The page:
More than one in four cat and dog owners do not know their pet can develop age-related dementia.
The study of 2,000 pet owners found many are unaware of early indicators such as confusion, anxiety, restlessness, and a decreased desire to play.
And half would not be confident identifying symptoms in their pet.
Almost two thirds would put any significant behavioural changes in their pet down to them getting old.
Of those who currently or previously had an elderly cat or dog, a loss of appetite and decreased desire to play were the most common changes they had witnessed in their ageing pets.
Although many have previously put changes in sleep cycle down to getting old – rather than considering the onset of dementia.
More than half admitted they would do whatever it takes to support their pet if it got diagnosed with dementia as they consider them a part of the family.
The research was commissioned by Vets4Pets to mark its inaugural Pet Dementia Day taking place on Monday 7 March.
The day looks to shine a spotlight on the condition and raise awareness of the symptoms so more pet owners feel confident in being able to detect early warning signs.
Dr Huw Stacey, Director of Clinical Services at Vets4Pets, said: “Sadly, age-related dementia is a degenerative disease that can affect many of our beloved pets during their lifespan and we believe there could be close to one million senior cats and dogs in the UK living with the condition undiagnosed.
“We want to help raise awareness of the condition in cats and dogs so that pet owners feel more confident in knowing what symptoms to look out for, as with early diagnosis and the right treatment there are many ways pet owners can help to alleviate the symptoms for their pets.
“Both improvements in diet and increased mental stimulation can help to improve brain health, which can slow the progression of pet dementia, and there are specific medications and supplements that can also help.”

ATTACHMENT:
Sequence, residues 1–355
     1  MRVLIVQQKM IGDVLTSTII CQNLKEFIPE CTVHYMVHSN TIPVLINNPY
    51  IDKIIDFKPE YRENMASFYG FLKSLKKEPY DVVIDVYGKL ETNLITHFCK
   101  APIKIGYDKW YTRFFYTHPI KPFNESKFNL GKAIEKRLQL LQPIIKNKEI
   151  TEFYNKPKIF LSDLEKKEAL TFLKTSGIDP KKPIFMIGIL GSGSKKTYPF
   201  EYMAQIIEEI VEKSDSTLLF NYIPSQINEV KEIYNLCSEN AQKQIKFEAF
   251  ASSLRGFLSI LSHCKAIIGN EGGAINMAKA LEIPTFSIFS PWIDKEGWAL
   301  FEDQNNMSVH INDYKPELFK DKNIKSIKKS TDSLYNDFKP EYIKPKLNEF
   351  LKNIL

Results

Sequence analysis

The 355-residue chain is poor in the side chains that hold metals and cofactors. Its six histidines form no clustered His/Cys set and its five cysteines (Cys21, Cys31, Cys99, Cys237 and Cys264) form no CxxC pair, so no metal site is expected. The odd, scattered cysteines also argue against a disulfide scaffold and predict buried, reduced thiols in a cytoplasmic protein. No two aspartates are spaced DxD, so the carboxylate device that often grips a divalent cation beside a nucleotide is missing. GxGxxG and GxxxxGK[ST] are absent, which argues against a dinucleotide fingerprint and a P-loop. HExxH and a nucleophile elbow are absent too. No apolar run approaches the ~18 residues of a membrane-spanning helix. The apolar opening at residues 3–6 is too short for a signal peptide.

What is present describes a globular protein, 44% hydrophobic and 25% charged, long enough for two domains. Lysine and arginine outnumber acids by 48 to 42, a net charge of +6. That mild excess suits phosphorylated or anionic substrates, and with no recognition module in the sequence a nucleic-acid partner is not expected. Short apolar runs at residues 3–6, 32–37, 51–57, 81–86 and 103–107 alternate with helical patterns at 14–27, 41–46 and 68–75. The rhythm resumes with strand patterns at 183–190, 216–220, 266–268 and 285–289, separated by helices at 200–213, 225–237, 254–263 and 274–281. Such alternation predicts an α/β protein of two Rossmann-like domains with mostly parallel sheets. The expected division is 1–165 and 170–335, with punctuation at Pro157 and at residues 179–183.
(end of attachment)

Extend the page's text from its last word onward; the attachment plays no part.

Of those surveyed, 37 percent have had at least one cat or dog diagnosed with dementia.
And more than a third of these diagnoses came about after they took their pet to the vet for what they suspected was something else.
In fact, a fifth of respondents had no idea it could have been dementia before their visit where the condition was diagnosed.
Giving their pet plenty of love and attention ranked as the top way owners would look to support their four-legged friend if they were ever diagnosed.
While two in five recognized keeping their home and surroundings as familiar and friendly as possible as an important way to help their cat or dog.
Throughout the survey, as the panellists learnt more about the condition, more than eight in 10 said they would subsequently ensure they look out for the signs of dementia as their pet gets older.
While 80 percent wished they had previously known more about dementia in pets so they could have had their pet diagnosed.
The study, conducted via OnePoll, went on to find 35 percent of pet owners have, or will, increase the number of routine visits to the vets as their pet gets older.
Slowing down, more sleep and appetite changes are the most common changes owners associate with their pet getting old.
More than three in five admitted they can find it difficult to understand the signs of when they should be taking their pet to visit the vet.
And as many as a third have even delayed taking their pet to the vet as they were worried they might get bad news.
Dr. Huw Stacey added: “It is only natural that many pet owners can have apprehensions about bringing their pet along to the vets, which is just a testament to how much they care.
“And while there are many things we should be doing at home to keep our pets happy and healthy – such as making sure they have enough exercise, and a safe, comfortable environment to live in – routine check-ups are just as important if you suspect that your pet could be suffering from dementia.
“Our ultimate goal is to help pet owners to care for their pets so they live a longer, healthier and happier life.”
This story originally appeared on The Sun and was reproduced here with permission.